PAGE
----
Brad’s final part of the lecture was dedicated to reflecting on the challenges of measurement in particular to those providing a single customer view. With the possibility of accessing content not only via a variety of platforms but also via a variety of devices, tracking a customer’s journey and interaction with the brand becomes very difficult if not impossible. This makes reporting, particularly of unique visitors ineffective since a unique visitor will always be considered via the entry point he/she makes to the platform. So if a user visits the website via their desktop computer and then again from their tablet, it will be reported as two unique visitors rather than one. This is the same with mobile interactions.
How does this apply to DCS?
Brad’s talk was very insightful however the conversion funnels that presented are more extensive than the kind of activities that you undertake part of the DCS group project. The attribution models however (conversion funnels) can also be used in relation to your campaign objectives but you need to consider in that case how much of your work can be captured, monitored and measured that way. Perhaps the time decay and position based models should be the ones you should consider at this point, particularly when thinking about the interplay between the three channels that you use.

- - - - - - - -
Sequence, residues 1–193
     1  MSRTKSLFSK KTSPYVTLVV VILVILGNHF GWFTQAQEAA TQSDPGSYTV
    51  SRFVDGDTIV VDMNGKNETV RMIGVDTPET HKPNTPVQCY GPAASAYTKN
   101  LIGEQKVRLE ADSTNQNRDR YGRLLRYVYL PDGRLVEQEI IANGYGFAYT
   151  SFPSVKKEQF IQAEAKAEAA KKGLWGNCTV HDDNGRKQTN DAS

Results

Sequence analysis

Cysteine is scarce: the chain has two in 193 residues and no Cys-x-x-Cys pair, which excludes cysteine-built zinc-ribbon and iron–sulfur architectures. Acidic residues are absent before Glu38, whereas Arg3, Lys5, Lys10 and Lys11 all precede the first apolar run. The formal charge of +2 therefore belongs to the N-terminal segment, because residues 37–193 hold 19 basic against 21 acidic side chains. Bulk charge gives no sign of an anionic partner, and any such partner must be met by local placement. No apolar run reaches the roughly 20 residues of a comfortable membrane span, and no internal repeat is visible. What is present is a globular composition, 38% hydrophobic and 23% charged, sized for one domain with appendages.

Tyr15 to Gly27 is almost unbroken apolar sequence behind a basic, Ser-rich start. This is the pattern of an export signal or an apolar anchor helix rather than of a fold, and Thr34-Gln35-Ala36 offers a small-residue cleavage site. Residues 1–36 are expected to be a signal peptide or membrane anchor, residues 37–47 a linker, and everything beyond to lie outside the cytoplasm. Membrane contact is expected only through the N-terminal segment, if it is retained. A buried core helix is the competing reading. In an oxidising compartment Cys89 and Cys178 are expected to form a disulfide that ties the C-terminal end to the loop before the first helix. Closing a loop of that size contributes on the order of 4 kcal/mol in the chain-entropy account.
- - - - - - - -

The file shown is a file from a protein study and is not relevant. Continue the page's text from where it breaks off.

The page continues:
As for a general learning point, Brad’s lecture emphasizes how important it is to have an understanding of measurement concept and of the advantages and disadvantages of the tools used. Finally, a clear, logical assessment of what is that you measure linked targets and objectives is essential.